Every Thursday I help out at a shelter. My journey takes me from New Cross Gate station along the A2 towards Greenwich. It’s a tired, tatty piece of south London which is also home to Goldsmiths College.
I’m not a man in a hurry these days. Not much anyway, so the rather magnificent Deptford Town Hall caught my eye a few times as I wandered past. It was built in 1905 and has a rather dramatic and impressive frontage.
What really arrested my leisurely progress were the four statues that stand by the first floor windows, each with a date. The third one, a one armed admiral with the date, 1805, was a bit of a giveaway. Nelson. The date: the Battle of Trafalgar. So who were the others?
The dates of the first two suggested maybe something Shakespearean. Or at least theatrical. But in fact, Henry Poole, the artist aimed at a Nautical theme as the presence of Nelson suggests, as does the rather splendid weather vane.
The first two are Francis Drake and Robert Blake whose tactical intuition helped the British Navy beat the Dutch in the 17th century and who is often called the father of the Royal Navy.
The last figure, with the date of the Town Hall itself is a figure, nameless but grand, of an Admiral of the Fleet at that time.
The whole thing smacks of Imperial self-importance. Of confidence. Of superiority. Pride, in a word.
But pride and hubris are close cousins. Eleven years later that self-same town hall was the centre of secret trials of conscientious objectors, who refused for a variety of reasons, to fight in WW1. Many were imprisoned for cowardice – perhaps a lesser punishment than the penalty for cowardice at the front – a firing squad – but humiliation and a severe limitation on the imprisoned’s ability to earn a crust. My great uncle went to the front as an ambulance driver, not to fight. That was the only way to avoid such humiliation.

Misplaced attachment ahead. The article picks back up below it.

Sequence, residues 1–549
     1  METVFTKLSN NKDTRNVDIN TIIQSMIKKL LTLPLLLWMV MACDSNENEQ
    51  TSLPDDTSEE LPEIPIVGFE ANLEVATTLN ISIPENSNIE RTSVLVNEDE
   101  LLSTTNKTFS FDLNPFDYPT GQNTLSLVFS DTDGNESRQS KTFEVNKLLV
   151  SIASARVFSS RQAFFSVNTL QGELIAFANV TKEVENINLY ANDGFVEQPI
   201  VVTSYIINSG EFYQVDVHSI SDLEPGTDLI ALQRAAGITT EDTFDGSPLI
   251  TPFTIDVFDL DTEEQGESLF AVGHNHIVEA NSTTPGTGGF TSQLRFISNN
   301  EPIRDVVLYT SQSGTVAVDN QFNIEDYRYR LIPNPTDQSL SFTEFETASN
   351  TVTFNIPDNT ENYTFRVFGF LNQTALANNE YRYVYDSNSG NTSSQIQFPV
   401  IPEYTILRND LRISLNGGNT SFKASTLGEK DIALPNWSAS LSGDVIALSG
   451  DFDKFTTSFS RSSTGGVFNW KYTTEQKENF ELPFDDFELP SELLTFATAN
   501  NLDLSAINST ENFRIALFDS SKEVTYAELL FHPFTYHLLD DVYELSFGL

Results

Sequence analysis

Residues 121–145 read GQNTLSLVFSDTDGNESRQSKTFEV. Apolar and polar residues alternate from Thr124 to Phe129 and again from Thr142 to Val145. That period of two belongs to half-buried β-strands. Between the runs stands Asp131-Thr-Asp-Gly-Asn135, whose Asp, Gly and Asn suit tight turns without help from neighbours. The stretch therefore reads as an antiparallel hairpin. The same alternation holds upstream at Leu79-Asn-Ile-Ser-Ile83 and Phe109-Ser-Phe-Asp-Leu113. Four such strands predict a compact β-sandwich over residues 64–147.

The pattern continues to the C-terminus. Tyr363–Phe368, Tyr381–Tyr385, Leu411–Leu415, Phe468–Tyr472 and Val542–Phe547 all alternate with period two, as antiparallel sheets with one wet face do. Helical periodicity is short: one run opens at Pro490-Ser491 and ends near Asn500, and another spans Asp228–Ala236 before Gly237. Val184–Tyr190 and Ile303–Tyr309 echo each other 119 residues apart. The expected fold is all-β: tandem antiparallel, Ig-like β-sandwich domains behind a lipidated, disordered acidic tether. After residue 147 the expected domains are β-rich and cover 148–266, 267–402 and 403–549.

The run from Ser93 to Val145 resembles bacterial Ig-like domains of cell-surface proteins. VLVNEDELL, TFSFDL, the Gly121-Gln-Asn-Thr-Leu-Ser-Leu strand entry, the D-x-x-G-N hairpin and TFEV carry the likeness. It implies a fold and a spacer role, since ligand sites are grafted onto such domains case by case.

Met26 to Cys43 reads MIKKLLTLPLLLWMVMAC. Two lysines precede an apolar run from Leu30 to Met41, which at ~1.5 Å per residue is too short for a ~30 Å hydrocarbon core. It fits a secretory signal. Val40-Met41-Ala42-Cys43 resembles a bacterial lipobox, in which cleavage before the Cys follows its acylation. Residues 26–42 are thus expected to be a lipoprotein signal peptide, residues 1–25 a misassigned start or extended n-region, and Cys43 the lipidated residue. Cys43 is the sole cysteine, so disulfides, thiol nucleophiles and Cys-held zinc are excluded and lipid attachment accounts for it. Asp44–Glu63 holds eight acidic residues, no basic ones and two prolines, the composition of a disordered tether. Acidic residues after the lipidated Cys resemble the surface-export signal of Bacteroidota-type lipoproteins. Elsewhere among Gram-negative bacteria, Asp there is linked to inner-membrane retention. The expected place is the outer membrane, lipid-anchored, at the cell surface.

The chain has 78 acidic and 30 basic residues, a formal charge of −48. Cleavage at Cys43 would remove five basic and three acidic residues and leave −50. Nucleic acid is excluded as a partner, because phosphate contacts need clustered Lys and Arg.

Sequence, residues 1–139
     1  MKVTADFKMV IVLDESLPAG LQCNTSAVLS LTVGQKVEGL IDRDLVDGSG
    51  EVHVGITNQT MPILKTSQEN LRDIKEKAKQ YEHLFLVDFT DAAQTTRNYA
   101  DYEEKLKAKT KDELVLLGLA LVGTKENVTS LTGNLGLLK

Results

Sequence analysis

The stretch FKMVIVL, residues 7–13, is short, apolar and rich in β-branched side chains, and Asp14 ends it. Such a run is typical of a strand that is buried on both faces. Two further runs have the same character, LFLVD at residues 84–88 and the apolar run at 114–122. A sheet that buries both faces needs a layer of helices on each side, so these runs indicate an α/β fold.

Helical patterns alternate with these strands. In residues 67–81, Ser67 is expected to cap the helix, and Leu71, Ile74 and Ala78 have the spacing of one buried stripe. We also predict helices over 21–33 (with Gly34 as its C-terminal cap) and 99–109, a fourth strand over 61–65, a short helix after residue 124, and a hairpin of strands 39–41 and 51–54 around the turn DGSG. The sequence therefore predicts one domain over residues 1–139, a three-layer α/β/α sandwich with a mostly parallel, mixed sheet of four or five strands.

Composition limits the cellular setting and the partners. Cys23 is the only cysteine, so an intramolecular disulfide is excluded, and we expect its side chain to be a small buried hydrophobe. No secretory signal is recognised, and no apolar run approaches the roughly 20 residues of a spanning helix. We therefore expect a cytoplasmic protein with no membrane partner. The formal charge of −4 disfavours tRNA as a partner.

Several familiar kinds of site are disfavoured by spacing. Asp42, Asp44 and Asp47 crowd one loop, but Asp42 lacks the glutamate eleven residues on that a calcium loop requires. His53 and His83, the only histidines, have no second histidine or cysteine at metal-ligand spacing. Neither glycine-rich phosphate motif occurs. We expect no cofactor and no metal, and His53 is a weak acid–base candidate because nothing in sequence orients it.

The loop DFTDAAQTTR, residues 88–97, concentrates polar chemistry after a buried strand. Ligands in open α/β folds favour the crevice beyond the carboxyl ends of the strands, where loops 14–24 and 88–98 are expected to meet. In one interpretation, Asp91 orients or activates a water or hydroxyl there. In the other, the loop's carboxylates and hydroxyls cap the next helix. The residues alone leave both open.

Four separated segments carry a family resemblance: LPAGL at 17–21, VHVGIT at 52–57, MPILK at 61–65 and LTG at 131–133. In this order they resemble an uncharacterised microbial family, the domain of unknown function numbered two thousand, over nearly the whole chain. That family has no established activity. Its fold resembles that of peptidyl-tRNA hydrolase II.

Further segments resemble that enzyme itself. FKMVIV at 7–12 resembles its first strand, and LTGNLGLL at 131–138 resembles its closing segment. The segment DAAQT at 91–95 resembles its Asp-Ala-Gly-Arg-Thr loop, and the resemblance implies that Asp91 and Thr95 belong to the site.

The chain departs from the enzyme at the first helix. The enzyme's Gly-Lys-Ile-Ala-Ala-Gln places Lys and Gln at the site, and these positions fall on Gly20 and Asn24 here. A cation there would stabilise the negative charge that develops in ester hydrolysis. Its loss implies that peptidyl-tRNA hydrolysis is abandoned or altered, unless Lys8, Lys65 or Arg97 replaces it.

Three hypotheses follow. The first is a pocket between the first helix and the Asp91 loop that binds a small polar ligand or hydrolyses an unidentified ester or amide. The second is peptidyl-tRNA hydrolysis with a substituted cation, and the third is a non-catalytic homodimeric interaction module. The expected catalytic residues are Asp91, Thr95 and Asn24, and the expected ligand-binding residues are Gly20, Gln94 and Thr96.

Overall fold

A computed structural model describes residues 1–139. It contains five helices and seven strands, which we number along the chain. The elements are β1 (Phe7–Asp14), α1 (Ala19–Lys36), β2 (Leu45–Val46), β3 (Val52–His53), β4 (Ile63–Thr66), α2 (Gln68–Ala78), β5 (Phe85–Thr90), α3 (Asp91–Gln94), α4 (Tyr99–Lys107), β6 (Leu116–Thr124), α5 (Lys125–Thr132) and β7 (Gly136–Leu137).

Sadly Willie Dyson died of a brain haemorrhage the day after winning the Military Medal for conspicuous bravery when rescuing colleagues under fire. Cruel, selfish times.
It is difficult these days to see such grandiose monuments without a moment’s pause for the background to its history. The building is magnificent and today it is part of the aforementioned Goldsmiths College, a rather splendid centre of learning in an otherwise rundown part of town.
It is important to look forward, as much as look back and understand context. The beauty of the architecture, in its own right, is sufficient for me. Yesterday was the 100th anniversary of the first votes for women. We don’t imprison for cowardice today, either. So we move forward as we recall our past. At least I hope so.